The first Affenpinschers to set paw in the United States in 1935 were imported by Mrs. Bessie Mally of Cicero, Illinois, the founder of Zwergteufel (Dwarf Devil) kennel. These dogs made it abroad through a steamship to New York and then used the railroads to Chicago. The breed had a nice array of popular supporters boasting Evalyn Walsh McLean who photographed her pooches wearing expensive jewels and Henrietta Proctor Donnell Reilly,an internationally recognized authority on Toy breeds. The breed was gaining popularity, until WWII prevented additional importation from Germany.This breed was AKC recognized in 1936 and today is categorized under the toy group,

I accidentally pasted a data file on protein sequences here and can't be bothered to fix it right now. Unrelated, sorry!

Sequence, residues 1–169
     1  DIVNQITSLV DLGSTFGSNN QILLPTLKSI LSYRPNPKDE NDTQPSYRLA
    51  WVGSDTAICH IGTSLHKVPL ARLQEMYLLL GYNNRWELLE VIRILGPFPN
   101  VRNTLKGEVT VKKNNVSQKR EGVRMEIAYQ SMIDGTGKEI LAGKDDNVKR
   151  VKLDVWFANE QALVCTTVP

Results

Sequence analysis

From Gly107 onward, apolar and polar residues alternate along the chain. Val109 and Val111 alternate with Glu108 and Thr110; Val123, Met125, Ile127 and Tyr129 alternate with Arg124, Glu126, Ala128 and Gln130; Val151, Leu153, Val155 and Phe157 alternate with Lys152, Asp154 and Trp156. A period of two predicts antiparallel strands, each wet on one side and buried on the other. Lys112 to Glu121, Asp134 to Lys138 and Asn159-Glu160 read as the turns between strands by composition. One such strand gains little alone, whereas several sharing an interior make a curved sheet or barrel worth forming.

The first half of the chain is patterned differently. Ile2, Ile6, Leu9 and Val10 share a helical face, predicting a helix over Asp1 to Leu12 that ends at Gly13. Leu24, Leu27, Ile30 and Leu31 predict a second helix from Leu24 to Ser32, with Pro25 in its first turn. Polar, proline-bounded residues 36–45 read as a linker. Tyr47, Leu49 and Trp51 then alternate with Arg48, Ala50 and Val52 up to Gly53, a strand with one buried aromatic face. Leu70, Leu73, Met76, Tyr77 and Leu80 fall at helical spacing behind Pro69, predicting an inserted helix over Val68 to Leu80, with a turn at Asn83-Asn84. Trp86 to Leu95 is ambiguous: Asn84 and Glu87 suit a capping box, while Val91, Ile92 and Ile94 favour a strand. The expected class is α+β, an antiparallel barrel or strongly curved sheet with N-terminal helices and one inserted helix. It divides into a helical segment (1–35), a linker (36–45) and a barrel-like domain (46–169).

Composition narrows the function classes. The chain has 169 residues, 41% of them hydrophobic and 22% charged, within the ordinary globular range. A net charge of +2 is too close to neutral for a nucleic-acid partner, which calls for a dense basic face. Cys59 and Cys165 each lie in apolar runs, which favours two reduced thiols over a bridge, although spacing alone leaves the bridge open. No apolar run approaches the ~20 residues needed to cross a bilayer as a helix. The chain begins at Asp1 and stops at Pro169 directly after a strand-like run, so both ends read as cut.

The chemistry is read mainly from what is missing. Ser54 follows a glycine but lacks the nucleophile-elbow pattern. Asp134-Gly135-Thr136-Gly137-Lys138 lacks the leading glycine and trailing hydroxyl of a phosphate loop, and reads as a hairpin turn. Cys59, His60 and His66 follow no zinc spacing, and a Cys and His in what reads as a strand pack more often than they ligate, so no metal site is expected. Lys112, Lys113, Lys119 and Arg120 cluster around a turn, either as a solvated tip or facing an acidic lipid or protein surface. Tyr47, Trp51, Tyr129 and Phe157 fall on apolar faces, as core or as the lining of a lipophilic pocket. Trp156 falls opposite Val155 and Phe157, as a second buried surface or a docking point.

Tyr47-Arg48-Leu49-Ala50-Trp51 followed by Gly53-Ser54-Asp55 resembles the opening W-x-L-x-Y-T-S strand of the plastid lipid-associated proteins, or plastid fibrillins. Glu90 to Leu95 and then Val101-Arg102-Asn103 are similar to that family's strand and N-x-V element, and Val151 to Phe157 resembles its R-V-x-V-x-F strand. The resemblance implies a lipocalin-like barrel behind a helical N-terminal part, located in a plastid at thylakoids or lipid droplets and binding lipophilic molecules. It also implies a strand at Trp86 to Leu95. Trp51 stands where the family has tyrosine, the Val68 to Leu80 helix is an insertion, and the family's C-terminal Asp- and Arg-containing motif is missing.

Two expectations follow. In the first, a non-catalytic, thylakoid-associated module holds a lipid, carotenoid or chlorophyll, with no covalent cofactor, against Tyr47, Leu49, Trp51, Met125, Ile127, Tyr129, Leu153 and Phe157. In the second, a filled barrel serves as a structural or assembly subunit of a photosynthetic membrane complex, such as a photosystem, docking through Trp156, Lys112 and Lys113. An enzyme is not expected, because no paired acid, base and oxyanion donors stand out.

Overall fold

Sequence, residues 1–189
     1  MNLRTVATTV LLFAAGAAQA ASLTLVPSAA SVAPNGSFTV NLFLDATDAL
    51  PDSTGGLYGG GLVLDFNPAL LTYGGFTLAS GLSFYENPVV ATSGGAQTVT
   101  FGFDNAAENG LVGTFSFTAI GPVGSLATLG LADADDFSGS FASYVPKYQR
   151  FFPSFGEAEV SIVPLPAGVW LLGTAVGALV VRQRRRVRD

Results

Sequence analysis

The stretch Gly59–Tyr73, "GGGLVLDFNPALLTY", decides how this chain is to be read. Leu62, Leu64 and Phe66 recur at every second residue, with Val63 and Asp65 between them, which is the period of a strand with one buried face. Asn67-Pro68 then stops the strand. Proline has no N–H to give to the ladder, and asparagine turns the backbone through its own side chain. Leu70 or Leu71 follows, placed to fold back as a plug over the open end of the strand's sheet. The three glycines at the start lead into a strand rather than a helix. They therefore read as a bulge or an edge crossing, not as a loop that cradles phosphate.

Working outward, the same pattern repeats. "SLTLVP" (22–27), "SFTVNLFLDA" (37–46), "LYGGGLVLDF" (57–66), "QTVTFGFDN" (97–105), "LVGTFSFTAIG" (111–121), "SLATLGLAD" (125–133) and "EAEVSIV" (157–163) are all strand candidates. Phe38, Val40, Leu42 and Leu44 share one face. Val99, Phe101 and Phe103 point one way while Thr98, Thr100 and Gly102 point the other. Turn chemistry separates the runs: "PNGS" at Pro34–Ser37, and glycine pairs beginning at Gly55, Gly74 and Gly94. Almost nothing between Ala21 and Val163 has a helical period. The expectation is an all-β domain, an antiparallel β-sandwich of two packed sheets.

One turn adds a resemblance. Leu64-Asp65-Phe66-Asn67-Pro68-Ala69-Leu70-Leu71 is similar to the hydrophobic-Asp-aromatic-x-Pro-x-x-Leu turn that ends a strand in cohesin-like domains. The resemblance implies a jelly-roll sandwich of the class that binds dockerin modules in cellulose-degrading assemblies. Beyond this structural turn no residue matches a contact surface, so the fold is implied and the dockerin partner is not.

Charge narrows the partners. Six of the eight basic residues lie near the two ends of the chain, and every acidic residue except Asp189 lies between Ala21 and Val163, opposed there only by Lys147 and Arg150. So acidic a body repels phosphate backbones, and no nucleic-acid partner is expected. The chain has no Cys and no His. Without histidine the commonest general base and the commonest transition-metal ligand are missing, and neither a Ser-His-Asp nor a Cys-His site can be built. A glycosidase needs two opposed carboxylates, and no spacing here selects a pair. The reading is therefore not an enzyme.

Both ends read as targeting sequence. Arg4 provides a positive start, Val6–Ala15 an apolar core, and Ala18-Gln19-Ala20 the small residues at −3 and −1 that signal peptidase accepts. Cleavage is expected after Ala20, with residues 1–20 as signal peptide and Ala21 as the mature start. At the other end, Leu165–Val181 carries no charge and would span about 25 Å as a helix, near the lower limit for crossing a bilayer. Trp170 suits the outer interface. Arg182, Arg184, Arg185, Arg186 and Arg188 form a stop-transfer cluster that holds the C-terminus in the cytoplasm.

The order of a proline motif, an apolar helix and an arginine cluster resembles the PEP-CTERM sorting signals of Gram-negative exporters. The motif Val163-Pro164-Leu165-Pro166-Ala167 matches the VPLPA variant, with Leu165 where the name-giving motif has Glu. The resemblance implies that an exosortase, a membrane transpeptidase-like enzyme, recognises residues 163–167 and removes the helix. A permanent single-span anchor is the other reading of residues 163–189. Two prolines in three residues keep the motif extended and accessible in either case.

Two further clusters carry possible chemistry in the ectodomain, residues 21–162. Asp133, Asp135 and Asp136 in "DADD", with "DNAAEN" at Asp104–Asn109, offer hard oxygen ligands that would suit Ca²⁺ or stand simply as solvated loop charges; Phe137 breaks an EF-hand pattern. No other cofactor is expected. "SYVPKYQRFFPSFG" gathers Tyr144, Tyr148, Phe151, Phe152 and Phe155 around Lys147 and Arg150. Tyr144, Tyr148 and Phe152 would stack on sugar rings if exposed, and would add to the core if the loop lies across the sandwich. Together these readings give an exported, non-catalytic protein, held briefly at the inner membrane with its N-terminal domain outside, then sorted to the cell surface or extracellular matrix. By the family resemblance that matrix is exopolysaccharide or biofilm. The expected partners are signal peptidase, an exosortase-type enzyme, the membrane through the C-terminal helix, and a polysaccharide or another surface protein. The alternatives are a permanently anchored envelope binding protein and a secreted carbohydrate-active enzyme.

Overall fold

As other terriers, the affenpinscher is feisty, spunky and mischievous. And as with other of the smaller terriers, don’t be fooled by their size; their attitudes are big dogs stuck in small bodies. When it comes to their gait, the American Kennel Club depicts them as carrying themselves with “comic seriousness.” They are surely smart and quick to adjust to changes and like to travel. The affenpinscher can be easily aroused and may take some time to calm down. Because of their alertness, affenpinschers make optimal watchdogs who look forward to guarding their homes and family. .Because of this suspicious tendency, it’s good practice to heavily socialize them from an early age.